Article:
Private Sales

1966 Aston Martin DB6 Vantage

Concours Quality Restoration by Kevin Kay Restorations


United States | Los Angeles, California



Chassis No.
Engine No.
  • UK-delivery example built to left-hand-drive specification with factory-fitted air conditioning
  • Upgraded in period by the factory to Vantage specification, with a five-speed manual gearbox
  • Concours-quality restoration totaling $767,000 in recent restoration work by Kevin Kay Restorations

Looking to capitalize on the success of the iconic DB5, Aston Martin’s DB6 was first unveiled at the London Motor Show in 1965. Visually like its predecessor, the DB6’s most significant change was its stretched wheelbase of 3.75 inches over the DB5, increasing legroom for the rear passengers, coupled with a slightly raised roof making for more headroom. Visually, the car is most easily identified by its “Kamm” tail, which added significant downforce at high speeds.

These changes sought to establish the car as a true grand tourer in the eyes of Aston Martin and, to many, the improvements made the DB6 a much more usable car than its predecessors. To many clients in its home market, with continental Europe just across the channel, there was no better choice for a patriotic Englishman (or Englishwoman) looking for automotive adventures further afield.

Despite being built to left-hand-drive specification, this particular DB6 Vantage was delivered new to Captain E.D. Smith of St. Neots, Cambridgeshire, in the United Kingdom. The build sheet also notes that it was fitted with a 3.54:1 limited-slip differential, heated rear window, Fiamm horns, Britax safety belts, Marchal fog lamps, chrome wheels, and, notably, the desirable Normalair air conditioning. Combined with its left-hand-drive configuration, the high specification of this DB6 makes it the ideal grand routier.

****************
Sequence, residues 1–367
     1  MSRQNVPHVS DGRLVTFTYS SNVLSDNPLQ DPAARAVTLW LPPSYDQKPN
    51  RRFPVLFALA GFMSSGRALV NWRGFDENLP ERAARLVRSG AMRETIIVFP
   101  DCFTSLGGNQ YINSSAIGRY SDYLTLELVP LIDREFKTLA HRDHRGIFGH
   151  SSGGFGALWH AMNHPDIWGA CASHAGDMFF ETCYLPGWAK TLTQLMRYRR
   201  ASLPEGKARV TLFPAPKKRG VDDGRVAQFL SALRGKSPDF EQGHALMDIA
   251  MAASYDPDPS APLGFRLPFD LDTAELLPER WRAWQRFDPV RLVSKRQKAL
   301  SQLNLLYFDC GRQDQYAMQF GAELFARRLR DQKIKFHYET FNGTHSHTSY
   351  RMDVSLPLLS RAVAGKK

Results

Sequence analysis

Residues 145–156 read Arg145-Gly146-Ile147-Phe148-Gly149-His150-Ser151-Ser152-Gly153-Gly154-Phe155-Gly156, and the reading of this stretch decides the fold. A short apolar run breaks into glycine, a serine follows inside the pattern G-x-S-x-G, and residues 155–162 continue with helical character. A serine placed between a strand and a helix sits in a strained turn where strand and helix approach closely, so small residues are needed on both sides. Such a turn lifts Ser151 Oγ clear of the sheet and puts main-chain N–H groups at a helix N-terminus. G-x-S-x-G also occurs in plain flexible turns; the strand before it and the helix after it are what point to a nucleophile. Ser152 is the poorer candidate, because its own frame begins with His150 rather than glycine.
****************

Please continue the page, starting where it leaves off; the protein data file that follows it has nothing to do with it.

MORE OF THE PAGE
Further notations on the build sheets show regular servicing at the factory during its first five years, by which time it had been driven some 24,719 miles. It was thereafter upgraded, as suggested by the factory service records, with the installation of a correct factory Vantage-specification engine as well as a ZF five-speed manual gearbox, replacing the original Borg-Warner automatic transmission.

Vantage specification is truly the driver’s choice for the DB6. The Tadek Marek-designed 4.0-litre straight-six with triple Weber carburetors increased power output to 325 horsepower. When mated to a five-speed manual gearbox, this specification is considered the ultimate derivative of the DB6.

Acquired by the current owner in 2017, the car was shipped to Aston Martin specialist Kevin Kay Restorations in Redding, California, where the DB6 was fully restored at a cost of approximately $767,000. The car was stripped down to bare metal and repainted in its present black metallic color scheme while the interior was retrimmed in black Connolly leather sourced from the UK to match. During the restoration, the car was fitted with a Tremec five-speed manual transmission, while the aforementioned ZF five-speed manual transmission will accompany the sale. Over 190 pages of invoices for the associated work are on file, stretching from May 2019 to June 2023.

For its lucky new owner, this is an excellent opportunity to enjoy one of Aston Martin’s most iconic automobiles, fresh from a no-expense-spared concours-quality restoration by one of the leading Aston Martin specialists in the United States. Kevin Kay’s Aston Martin restorations continue to sell at world-record levels and RM Sotheby’s Private Sales team are proud to bring to market yet another fine example.